This weeks Featured Blog Friday comes from our Head of Development, Sigrún B. Gunnhildardóttir. If you have any questions or comments regarding this blog, feel free to leave a comment below or send us a tweet @AGRDynamics.
The first version of the AGR Sales Planner was introduced in 2009, and provided a way for companies to connect the people responsible for sales and marketing with the replenishment process. The software allowed for planning on high levels (product groups, total time period of the year, etc.) and distributed down to the lowest level (item number, days, etc.) as well as planning on different dimensions, like customers, locations, product groups, etc. This original planner was successful and implemented with multiple different companies playing a vital role in the Sales & Operations Planning process for many of our bigger clients. It served its purpose well and did what it needed to do.
As time went on, we learned a lot, and it soon became apparent that the data structure of the software was very rigid and complex. We were in a sandbox environment, as the datasets behind each plan were isolated, which made it difficult to pull in additional information or compare against actual performance. Furthermore, every value needed to be stored on the lowest data level. While this was good to connect to replenishment, it made it very difficult to create new uses for the planner and expand its scope.
The bottom line: we wanted more. We wanted to be able to capture the whole planning process.
Where do we go from here?
We first tried to continue on with the planner as it was. We updated it to our new web-based platform with some added functionalities, but we were still hitting the same brick walls. We had a big decision ahead of us: Do we keep going with the software as is and try and make it work with new processes, or should we make a bold decision to start over on the software from scratch? While the latter option sounded absurd, as we had already invested a lot of time into the then current planner, when we looked at where we wanted to go, the choice was easy.
So we went back to the drawing board and when figuring out how we were going to reinvent the planning engine, we started by engaging in conversations with our customers and with different members of the AGR team, which led us to forming our goal:
Create a dynamic, flexible and configurable planning engine. The engine should solve the needs of our current customers but at the same time, have the ability to be the base for different planning processes.
In other words, the task we were taking on was to build the engine, not the product; a powerful engine that could be utilized in numerous different ways to fit a number of purposes to suit the needs of different customers. It needed to offer the ability to view and amend data from many different data sources and an extensive ability to display the same data in different ways. It had to have dynamic filtering options, graphical representation of data, and of course be user friendly and intuitively designed.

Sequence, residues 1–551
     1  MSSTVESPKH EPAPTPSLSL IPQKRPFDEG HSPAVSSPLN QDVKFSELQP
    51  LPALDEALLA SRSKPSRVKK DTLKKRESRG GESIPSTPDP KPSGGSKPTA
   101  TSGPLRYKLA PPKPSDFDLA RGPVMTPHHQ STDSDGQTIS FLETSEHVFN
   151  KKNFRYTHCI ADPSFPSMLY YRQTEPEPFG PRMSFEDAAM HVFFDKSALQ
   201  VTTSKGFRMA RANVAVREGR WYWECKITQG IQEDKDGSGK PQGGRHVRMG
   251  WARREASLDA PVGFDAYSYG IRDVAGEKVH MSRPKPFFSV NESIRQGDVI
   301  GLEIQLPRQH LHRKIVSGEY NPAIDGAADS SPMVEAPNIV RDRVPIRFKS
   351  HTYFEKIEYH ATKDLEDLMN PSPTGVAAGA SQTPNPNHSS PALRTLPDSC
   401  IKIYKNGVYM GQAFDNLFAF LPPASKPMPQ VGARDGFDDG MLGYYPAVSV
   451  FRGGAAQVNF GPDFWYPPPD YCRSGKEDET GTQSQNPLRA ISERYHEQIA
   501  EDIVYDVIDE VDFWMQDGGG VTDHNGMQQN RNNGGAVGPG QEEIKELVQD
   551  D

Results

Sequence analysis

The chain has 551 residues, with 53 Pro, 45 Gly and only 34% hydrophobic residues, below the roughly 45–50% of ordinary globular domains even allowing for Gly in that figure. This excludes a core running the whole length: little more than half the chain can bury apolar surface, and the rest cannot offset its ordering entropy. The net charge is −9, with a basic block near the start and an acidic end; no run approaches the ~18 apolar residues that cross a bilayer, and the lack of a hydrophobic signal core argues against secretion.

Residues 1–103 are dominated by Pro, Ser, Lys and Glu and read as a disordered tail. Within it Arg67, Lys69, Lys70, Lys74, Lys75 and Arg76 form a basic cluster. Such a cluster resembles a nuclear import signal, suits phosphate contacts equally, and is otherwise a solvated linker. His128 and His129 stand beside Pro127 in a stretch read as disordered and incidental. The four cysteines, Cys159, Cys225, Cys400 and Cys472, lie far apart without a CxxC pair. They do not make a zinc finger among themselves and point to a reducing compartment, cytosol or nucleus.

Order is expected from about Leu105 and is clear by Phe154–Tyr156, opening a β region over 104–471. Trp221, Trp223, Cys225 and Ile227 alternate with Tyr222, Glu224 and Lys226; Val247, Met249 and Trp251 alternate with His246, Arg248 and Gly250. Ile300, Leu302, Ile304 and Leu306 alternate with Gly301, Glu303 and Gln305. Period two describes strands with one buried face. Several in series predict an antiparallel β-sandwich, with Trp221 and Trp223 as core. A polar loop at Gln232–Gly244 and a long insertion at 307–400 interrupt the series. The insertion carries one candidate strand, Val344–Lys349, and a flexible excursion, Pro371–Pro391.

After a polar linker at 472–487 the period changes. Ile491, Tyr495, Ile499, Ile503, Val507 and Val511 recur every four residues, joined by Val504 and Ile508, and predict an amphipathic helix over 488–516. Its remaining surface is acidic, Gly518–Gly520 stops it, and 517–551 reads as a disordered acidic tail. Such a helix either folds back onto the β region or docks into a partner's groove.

If we would have an engine like this we could plan anything! This new planning engine idea is similar to that of a car engine. You can either fit it into a normal car that would be excellent for getting to work and other everyday tasks. Or you could use it for a customized sportscar, ideal for the terrain you’ll be racing in. Whatever the purpose, we could fit it in.
While building the engine, we also started to create the sales planner, which would be a module on top of it, and the part of our goal “to serve current customers needs” was always in the back of our minds. This time around, we developed an even better solution, with the key to the planning engine being that it is highly configurable, dynamic and simple to set up. With this level of flexibility the possibilities are endless, and currently we are working on four different modules for merchandising management.
But as you can see, there is room for even more. For example, we at AGR Dynamics are not in retail or wholesale, but we need to do our own planning, and we use our engine to create our revenue plans and manage our resources. We thought that if we could not use our software ourselves, we couldn’t expect our customers to either. This is a known method in software development, where we are not only testing the calculations and the features but getting direct feedback on usability and design very early on in the process.
Opening up the hood
Below is a picture of a basic sales plan. The Total Demand is based on the statistical forecast, with promotions on top of it. You can start working with the numbers within the sales plan, and if you choose to add a promotion, the system will automatically calculate the data as per the new promotion and refresh all the data to reflect this change, as well as distribute it to all items below.
The sales planner is designed in a way that the user can see different views and templates that are included in the software, making the sales planner very user friendly. It also gives each user the ability to easily customize how they view their data. By using the grid settings, I’m now viewing the same plan as above but now I have a total overview of Product Groups by Vendors. If I choose to make changes to my plans at this level, my inputs would be automatically spread over the previously defined time period. The grid setting also makes it easy to reorder columns or add different data sources into the sales planner, to name a few.
We have worked very hard on this engine and are excited to bring you a brand new version of the sales planner, and making it as user friendly as possible. We hope you find it as useful as we do and look forward to implementing it beside our inventory optimizer helping you to further integrate your supply chain management processes.